The annual meeting of the European Group for the study of Insulin Resistance (EGIR) was held in Dublin, Ireland in May 2017. Ably organized by Dr. Mesud Hatunic, Consultant Endocrinologist at Mater Misericordiae University Hospital, the conference explored the pathophysiology and treatment of insulin resistance and extended a perspective to include aspects of clinical diabetes care including diabetic retinopathy (Dr. David Keegan, Consultant Vitreo-Retinal Surgeon, Mater University Hospital, Dublin, Ireland), monogenic forms of diabetes (Dr. Maria Byrne, Consultant in Endocrinology and Diabetes, Mater Misericordiae Hospital, Dublin, Ireland) and the impact of gastric bypass surgery (Professor Carel le Roux, Co-Director of the Metabolic Medicine Group, University College, Dublin, Ireland). The group actively welcomed the participation of members who have recently joined from the Pasteur Institute in Lille, France, including Dr. Caroline Bonner, who will co-host the Spring 2018 EGIR meeting there with Professor Francois Pattou. New members are always welcome, e-mail: email@example.com for details.
Here, we present brief summary highlights of some of the invited lectures from the conference.
Dr. David Savage: Wellcome Trust Senior Clinical Fellow, Department of Clinical Biochemistry, University of Cambridge, Cambridge, UK
What has lipodystrophy taught us about insulin resistance?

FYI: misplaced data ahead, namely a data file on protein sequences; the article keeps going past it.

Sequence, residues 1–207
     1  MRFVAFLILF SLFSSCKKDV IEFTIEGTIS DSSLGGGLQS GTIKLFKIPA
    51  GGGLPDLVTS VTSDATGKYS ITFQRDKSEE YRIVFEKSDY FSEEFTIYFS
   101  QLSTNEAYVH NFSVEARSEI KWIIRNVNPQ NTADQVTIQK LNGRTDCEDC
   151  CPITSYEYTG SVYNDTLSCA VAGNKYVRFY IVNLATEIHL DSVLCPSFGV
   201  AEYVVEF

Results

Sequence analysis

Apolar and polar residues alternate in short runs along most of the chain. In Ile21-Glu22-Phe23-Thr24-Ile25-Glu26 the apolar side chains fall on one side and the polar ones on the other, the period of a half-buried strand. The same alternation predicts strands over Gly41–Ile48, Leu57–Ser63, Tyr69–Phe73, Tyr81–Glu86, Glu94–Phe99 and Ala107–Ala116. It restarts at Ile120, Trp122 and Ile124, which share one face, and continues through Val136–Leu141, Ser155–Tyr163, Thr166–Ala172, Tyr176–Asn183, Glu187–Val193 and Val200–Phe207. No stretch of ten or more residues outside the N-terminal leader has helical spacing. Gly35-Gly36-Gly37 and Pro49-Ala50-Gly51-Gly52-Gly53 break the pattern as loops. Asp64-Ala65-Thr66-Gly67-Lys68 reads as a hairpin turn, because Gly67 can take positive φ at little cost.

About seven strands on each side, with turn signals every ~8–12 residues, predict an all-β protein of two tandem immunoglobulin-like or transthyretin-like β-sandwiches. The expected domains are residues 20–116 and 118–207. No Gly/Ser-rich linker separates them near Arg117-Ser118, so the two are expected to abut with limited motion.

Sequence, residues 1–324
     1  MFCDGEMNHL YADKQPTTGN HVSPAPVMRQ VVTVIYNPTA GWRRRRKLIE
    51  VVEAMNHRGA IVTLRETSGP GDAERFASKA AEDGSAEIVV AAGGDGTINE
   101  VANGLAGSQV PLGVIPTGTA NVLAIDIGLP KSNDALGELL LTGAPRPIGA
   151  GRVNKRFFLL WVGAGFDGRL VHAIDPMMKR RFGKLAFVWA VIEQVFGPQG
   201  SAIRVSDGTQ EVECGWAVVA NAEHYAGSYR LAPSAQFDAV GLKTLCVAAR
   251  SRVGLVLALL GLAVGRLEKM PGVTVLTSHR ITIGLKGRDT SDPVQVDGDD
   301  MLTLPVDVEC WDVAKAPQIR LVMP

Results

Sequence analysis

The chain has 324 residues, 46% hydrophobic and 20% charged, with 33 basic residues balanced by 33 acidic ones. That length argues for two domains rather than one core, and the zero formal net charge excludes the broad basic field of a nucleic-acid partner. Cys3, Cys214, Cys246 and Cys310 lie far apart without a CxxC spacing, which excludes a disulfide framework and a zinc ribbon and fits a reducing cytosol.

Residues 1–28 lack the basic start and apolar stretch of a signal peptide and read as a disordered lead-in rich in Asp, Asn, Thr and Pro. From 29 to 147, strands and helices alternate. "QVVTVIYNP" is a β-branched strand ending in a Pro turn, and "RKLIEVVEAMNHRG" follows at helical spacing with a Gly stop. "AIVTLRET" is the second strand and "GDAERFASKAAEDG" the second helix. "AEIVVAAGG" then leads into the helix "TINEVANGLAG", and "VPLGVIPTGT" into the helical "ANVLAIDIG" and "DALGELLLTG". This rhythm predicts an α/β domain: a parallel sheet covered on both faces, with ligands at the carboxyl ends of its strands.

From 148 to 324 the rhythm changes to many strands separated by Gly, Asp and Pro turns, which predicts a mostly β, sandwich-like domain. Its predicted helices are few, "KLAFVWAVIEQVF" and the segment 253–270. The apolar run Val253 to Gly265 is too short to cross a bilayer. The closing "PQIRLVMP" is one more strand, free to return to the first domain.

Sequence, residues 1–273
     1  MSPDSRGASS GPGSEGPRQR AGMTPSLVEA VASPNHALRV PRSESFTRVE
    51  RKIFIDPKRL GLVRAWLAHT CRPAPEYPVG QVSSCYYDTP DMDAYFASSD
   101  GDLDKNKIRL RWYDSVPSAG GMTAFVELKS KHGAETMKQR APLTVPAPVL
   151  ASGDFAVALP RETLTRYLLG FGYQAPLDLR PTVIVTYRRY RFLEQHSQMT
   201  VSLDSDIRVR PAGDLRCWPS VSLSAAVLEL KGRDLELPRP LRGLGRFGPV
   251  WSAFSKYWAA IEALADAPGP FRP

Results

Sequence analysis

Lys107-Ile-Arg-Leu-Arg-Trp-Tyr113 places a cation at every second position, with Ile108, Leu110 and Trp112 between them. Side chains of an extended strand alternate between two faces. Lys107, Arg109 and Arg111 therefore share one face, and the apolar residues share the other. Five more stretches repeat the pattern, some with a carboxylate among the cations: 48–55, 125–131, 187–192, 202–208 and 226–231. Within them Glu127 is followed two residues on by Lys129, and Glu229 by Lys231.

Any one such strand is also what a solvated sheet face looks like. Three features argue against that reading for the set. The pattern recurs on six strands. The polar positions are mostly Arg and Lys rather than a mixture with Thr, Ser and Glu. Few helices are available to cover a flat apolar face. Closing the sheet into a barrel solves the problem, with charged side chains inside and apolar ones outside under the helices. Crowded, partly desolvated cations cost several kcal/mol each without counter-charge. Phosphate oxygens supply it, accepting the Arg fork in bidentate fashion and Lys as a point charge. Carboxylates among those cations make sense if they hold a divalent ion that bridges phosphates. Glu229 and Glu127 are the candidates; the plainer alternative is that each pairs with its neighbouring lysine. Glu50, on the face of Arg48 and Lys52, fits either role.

Dr. Savage’s laboratory focuses on the molecular basis of insulin resistance in humans. In his lecture, Dr. Savage explored insights into impaired insulin action that have been gleaned from lipodystrophy syndromes. By way of introduction, white adipose tissue serves to buffer excess energy by sequestering fatty acids; energy substrate in the form of fatty acids is then released, as required, through the process of lipolysis in which triglycerides are hydrolysed to fatty acids and glycerol. Excess adiposity (overweight and obesity) is a well-established driver of insulin resistance, glucose intolerance and type 2 diabetes. During the 1990s, it was shown that WAT-derived inflammatory mediator tumour necrosis factor-α participates in obesity-related systemic insulin resistance by inhibiting the tyrosine kinase action of the transmembrane insulin receptor together with impaired phosphorylation of insulin receptor substrate-1 in muscle and fat tissues. Death of white adipocytes is associated with a local inflammatory response. Macrophages infiltrating the adipose tissue of obese animals and humans are arranged around dead adipocytes to form characteristic crown-like structures. Although inflammation within adipose tissue is not necessarily required for insulin resistance, it may exacerbate defects in insulin action. The role of macrophage infiltration into white adipose tissue in causing inflammation remains uncertain, with current evidence providing inconsistent support for a causal effect. Insulin resistance can develop in the absence of adipose tissue inflammation in animal models. Obesity is associated with elevated plasma concentrations of nonesterified fatty acids and proinflammatory cytokines, along with endoplasmic reticulum and oxidative stress that have been shown to induce insulin resistance. However, current evidence suggests that acute overfeeding (6000 kcal/day), while rapidly inducing whole-body insulin resistance, does not induce inflammatory stress.